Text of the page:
More information on the Overseas Investment Office can be found on the LINZ website.
What is tax residency?
Tax residency is a term used to define someone’s country of residence for tax purposes and is not the same as nationality. A buyer or seller could be living in New Zealand and still have tax residency in another country. Alternatively they could be an overseas citizen and have only New Zealand tax residency.
You can be a New Zealand tax resident if you are in New Zealand for more than 183 days in any 12-month period and haven't become a non-resident, or have a 'permanent place of abode' in New Zealand, no matter how long they may have been out of the country,
IR also uses other tests to determine if a person is treated as a New Zealand tax resident. For the purposes of this report, we’ve assumed that where a party hasn’t claimed overseas tax residency they are a New Zealand tax resident.
For more information on tax residency, refer to definition provided on the back of the tax statement.
Who doesn’t need to provide tax residency information?
Tax residency information is not required for sales involving the main home, but you can only claim this if you’re a New Zealand citizen or resident and have been in the country recently (once in the past three years for NZ passport holders and once in the past year for resident visa holders). You can’t use this more than twice in the last two years. For more detail refer to the definition provided on the back of the tax statement.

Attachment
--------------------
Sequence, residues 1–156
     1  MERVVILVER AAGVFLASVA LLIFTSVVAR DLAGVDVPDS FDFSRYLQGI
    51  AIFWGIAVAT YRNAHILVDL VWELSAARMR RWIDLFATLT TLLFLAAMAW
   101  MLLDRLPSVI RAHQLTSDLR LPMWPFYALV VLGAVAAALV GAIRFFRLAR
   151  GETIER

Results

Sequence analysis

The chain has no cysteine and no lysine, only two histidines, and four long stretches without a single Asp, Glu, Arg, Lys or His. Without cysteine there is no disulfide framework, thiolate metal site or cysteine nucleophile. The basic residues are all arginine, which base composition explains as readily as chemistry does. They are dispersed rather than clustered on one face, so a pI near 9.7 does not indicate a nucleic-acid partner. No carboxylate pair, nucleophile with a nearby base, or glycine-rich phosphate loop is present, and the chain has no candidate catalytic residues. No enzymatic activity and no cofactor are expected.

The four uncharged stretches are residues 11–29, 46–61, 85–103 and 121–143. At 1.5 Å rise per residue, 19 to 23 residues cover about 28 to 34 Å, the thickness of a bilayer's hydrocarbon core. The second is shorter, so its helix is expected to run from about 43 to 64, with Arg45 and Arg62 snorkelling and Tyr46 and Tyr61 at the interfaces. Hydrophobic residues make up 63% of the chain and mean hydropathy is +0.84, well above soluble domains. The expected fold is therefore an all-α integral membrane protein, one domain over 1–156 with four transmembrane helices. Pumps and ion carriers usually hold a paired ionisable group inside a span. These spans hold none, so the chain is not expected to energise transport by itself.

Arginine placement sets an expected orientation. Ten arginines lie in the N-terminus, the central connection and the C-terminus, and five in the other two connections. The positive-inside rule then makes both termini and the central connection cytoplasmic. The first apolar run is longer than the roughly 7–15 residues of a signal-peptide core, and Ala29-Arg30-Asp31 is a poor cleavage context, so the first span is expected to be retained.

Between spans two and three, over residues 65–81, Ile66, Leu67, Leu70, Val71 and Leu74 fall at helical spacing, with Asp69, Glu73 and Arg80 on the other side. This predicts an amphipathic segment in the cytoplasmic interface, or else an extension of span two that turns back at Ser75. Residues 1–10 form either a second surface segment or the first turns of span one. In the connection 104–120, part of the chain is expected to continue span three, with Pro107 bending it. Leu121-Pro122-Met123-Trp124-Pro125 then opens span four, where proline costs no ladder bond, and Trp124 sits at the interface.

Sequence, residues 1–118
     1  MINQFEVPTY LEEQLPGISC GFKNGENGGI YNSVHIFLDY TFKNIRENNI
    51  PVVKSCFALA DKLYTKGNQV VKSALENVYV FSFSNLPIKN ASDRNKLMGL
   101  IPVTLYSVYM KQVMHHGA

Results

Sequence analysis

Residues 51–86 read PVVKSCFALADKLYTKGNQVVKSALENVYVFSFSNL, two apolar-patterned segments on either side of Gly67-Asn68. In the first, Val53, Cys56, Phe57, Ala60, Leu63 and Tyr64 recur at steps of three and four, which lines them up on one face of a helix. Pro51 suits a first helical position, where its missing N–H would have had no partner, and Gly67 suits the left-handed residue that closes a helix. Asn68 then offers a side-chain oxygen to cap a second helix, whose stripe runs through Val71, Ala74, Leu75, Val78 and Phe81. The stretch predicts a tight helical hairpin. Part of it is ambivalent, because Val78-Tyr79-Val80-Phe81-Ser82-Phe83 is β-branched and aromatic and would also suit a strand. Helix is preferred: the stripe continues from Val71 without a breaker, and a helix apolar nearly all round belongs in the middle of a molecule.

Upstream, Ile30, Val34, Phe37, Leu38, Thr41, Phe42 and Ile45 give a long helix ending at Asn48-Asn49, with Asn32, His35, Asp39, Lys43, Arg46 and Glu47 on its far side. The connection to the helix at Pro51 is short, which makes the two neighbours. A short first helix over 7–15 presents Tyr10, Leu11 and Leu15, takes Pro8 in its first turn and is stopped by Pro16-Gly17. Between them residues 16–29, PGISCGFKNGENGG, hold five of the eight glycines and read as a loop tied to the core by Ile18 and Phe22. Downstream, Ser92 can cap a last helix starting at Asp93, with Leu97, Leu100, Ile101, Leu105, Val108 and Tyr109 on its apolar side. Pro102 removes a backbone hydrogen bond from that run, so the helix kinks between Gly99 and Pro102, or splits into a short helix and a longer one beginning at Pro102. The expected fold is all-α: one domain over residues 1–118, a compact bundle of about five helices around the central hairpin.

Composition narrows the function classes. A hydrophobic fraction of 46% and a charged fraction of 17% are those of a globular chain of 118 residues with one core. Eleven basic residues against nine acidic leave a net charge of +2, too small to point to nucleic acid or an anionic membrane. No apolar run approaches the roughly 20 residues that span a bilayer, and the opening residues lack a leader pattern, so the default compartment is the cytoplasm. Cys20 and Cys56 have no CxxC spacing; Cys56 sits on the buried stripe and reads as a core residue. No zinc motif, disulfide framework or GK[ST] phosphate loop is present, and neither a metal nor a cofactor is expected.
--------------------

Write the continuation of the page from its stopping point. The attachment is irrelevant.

Tax residency information is also not required from buyers when the transfer involves Māori land or a Treaty Settlement or purchases for government purposes.
Affilation to New Zealand
What does it mean when it says one or more buyers were NZ citizens or residents? Who were the other buyers in these transfers?
Most property transfers involve multiple buyers. For many of these transfers, all the buyers involved were New Zealand citizens or residents, but there are also transfers that involved both NZ citizens or resident buyers as well as buyers holding other visas, buyers without visas or buyers who were corporate or business entities.
A more detailed breakdown of the combination of buyers and sellers is contained in the supplementary information section of the report.
Why are there a small number of transfers where citizenship information is unavailable?
We introduced an improved tax statement in December 2016 to gather more precise information on citizenship and residency. However, because some property settlements can take months to complete, there are still a small number being received that were prepared using the previous version of the tax statement.
Why are people buying property in New Zealand if they don’t have citizenship, residency or a work or student visa?
We only collect some information on buyers’ intentions and so can’t speculate on why property is bought or sold. We do know that in some of these cases, the buyers have immediate family members who have New Zealand citizenship or residency, or a work or student visa.